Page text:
How do I Deal with Toxic Co-Workers?

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  • Written By: Malcolm Tatum
  • Edited By: Bronwyn Harris
  • Last Modified Date: 30 September 2019
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Even in the most harmonious of workplaces, there are likely to be one or two employees who threaten that harmony. Toxic co-workers may come in the form of supervisors, department heads, clerical employees, or anyone else who is assigned some function within the office or other place of business. Learning to recognize and deal with toxic co-workers is not only essential to keeping your job, but also your peace of mind.

The first step in dealing with toxic co-workers is to learn to recognize them. In some cases, this is easy to manage. When a coworker is very vocal in criticizing the efforts of others or obviously takes delight in spreading rumors, it takes very little in the way of discernment to realize that the individual is a divisive force in the otherwise happy group. However, a toxic coworker may be much subtler, sometimes by masking the criticism in verbiage that on the surface appears to convey concern and caring. While the words may be sweet, the outcome is rumor and innuendo that can undermine the reputation and the confidence of others. Look for the results of the individual’s actions as well as how those actions are instigated, and it will be much easier to determine who is at the root of the workplace discontent.


Once you have a good idea of who is spreading dissension and distrust, begin to insulate yourself from reacting to the actions of toxic co-workers. This means not allowing yourself to be visibly affected by criticisms and subtle barbs that are thrown your way. While you may be boiling with indignation on the inside, remain calm and professional on the outside. Realize that now may not be the time to confront the offender, and allow yourself time to calm down. After regaining a more balanced frame of mind, it will be easier to determine how to confront and diffuse the situation, without contributing to the problem.

Dealing with toxic co-workers requires that you attempt to look at the situation as an uninvolved third party. This helps you to set your own emotions to one side and assess the situation in a more clinical manner. This is actually helpful, in that you may notice some small detail that allows you to get some insight into why the co-worker is so negative. Uncovering the root cause can often make it easier to develop a strategy that minimizes the negativity and possibly help the co-worker incrementally change his or her attitude and become part of the team.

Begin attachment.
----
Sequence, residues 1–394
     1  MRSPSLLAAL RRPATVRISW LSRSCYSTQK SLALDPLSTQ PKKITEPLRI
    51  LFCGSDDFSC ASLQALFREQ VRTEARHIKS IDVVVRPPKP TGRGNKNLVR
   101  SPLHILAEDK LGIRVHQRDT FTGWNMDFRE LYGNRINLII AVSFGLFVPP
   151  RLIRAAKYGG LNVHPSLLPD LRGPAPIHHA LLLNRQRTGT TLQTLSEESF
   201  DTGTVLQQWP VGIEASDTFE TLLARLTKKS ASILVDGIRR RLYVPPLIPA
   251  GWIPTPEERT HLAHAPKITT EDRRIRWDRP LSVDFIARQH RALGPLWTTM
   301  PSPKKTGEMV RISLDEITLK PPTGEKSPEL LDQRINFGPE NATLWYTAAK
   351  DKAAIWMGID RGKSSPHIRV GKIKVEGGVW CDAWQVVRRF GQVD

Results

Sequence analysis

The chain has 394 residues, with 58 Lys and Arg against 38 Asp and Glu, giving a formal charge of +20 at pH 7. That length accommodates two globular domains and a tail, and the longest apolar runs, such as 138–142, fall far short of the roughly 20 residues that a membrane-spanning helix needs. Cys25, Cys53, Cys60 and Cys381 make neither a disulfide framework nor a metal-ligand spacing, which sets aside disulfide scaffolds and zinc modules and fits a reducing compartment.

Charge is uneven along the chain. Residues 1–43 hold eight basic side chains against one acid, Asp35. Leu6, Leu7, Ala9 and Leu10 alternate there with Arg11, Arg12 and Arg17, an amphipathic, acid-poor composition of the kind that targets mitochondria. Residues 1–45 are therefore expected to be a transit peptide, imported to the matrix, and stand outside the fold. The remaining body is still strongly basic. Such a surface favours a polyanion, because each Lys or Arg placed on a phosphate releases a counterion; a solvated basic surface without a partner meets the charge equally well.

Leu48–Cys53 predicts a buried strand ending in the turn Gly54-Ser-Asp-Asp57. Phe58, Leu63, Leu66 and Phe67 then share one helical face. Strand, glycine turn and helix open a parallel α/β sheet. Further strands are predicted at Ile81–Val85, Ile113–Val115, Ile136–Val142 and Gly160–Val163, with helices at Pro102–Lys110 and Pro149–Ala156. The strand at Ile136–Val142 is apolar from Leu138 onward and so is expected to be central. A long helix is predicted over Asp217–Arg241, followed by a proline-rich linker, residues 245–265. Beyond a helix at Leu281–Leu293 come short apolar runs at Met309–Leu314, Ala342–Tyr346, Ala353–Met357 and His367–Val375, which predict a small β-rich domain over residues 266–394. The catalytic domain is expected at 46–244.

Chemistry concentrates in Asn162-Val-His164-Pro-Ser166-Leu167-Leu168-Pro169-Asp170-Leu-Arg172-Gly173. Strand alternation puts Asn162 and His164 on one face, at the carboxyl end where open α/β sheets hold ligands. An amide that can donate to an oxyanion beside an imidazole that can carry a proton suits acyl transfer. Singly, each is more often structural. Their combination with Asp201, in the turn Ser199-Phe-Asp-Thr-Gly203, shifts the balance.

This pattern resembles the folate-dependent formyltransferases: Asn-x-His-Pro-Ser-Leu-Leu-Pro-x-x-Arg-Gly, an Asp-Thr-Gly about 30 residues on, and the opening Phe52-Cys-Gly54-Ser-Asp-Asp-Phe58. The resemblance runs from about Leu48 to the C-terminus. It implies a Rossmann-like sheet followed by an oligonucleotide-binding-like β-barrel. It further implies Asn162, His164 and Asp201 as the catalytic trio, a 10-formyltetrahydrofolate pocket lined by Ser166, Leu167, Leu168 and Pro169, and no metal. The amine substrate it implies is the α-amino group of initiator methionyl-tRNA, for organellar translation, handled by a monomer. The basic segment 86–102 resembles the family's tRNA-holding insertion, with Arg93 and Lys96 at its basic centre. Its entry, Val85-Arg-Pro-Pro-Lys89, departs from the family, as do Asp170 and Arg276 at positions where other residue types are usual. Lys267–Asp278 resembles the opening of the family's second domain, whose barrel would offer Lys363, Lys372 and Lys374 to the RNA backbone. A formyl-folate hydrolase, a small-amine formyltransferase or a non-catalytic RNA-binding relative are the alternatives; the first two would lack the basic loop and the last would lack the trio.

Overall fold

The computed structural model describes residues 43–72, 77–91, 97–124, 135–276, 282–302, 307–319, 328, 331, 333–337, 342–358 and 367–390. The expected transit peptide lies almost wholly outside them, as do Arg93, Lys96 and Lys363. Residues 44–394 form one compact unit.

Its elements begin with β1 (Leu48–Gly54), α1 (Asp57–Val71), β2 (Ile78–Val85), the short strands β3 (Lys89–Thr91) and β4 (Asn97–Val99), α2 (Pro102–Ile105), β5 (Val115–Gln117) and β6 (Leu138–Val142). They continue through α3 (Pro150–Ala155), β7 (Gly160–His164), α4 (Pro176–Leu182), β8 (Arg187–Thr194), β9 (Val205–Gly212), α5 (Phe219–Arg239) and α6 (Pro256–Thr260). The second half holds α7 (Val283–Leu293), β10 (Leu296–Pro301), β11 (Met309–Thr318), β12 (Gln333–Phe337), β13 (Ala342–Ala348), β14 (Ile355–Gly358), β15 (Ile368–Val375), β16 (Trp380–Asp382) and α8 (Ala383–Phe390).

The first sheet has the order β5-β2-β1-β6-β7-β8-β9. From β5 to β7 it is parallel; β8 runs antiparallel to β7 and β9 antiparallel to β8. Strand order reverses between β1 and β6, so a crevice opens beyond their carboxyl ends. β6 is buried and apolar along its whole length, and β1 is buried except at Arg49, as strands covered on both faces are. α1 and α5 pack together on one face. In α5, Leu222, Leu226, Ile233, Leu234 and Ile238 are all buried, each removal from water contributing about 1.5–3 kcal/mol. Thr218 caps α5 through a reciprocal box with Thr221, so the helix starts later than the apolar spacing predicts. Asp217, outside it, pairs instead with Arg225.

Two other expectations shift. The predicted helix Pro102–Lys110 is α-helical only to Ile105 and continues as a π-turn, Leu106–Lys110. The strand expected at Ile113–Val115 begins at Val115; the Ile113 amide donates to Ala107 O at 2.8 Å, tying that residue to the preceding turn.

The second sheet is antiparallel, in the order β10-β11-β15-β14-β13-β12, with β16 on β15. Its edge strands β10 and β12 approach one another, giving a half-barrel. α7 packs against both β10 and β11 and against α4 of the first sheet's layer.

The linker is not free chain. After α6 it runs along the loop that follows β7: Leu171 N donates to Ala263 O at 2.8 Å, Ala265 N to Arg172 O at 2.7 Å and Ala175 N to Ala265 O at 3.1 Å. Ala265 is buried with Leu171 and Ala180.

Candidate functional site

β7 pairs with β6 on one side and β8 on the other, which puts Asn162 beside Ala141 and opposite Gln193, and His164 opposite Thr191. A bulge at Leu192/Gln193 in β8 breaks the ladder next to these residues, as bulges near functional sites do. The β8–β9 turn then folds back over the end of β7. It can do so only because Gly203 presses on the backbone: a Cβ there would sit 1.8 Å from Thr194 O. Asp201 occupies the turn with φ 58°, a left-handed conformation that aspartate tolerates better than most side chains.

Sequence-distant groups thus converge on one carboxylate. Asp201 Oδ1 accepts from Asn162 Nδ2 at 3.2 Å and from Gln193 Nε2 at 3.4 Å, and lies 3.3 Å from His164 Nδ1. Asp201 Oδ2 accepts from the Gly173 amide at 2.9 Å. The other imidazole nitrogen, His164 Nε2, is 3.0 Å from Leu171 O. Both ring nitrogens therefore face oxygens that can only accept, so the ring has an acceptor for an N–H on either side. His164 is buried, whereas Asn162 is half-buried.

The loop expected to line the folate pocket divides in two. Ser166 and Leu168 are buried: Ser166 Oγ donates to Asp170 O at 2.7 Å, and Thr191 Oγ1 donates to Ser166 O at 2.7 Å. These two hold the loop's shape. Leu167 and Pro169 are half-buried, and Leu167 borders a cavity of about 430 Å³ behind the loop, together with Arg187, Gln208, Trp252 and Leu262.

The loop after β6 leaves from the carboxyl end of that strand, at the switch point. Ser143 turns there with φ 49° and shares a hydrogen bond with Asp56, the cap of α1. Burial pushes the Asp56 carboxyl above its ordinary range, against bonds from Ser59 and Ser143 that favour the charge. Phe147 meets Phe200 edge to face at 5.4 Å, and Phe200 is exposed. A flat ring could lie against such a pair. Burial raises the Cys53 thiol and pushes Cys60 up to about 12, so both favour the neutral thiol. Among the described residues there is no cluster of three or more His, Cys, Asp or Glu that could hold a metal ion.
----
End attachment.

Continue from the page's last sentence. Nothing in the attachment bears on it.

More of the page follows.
Keep in mind that failing to deal with toxic co-workers rarely works. Trying to ignore the problem is more likely to encourage the toxicity, since the co-worker may interpret the silence as agreement with his or her negative statements and behavior. Confronting the co-worker and thus providing some degree of resistance is sometimes enough to make him or her feel that maybe there is a different way of seeing and doing things around the workplace, and begin to challenge their own perceptions.

When confronting toxic co-workers, always use an approach that does not involve returning fire. Instead, ask questions that encourage the co-worker to think of solutions to the issues he or she is raving about. The idea is to change the focus of the co-worker from negative thoughts to participating in the creation of a better working environment. This may come as somewhat of a shock at first, and there is bound to be resistance. Over time, consistently asking for input on how to make things better can begin to bring about small but noticeable changes in how the toxic co-worker interacts with others.

In some cases, no amount of reasoning or attempting to turn the bad attitude into something more positive will work. This is especially true when toxic co-workers take a great deal of glee in damaging the reputations of others. Prepare documentation related to these toxic activities and confront the originator directly. Make it clear that unless things change, the activity will be reported to a manager or supervisor who can take action.

Make sure you are aware of any company politics or existing relationships between the toxic co-worker and upper management that could be used against you. For example, if the negative influence in the workplace happens to be a relative of the owner of the company, chances are you will be the one who is disciplined and possibly terminated from employment. If this situation exists, keep as calm as possible while you look for employment elsewhere. Removing yourself from this type of hopeless situation will minimize the strain on your nerves and allow you to move on to a situation where there is a better chance of being happy with your place of employment.


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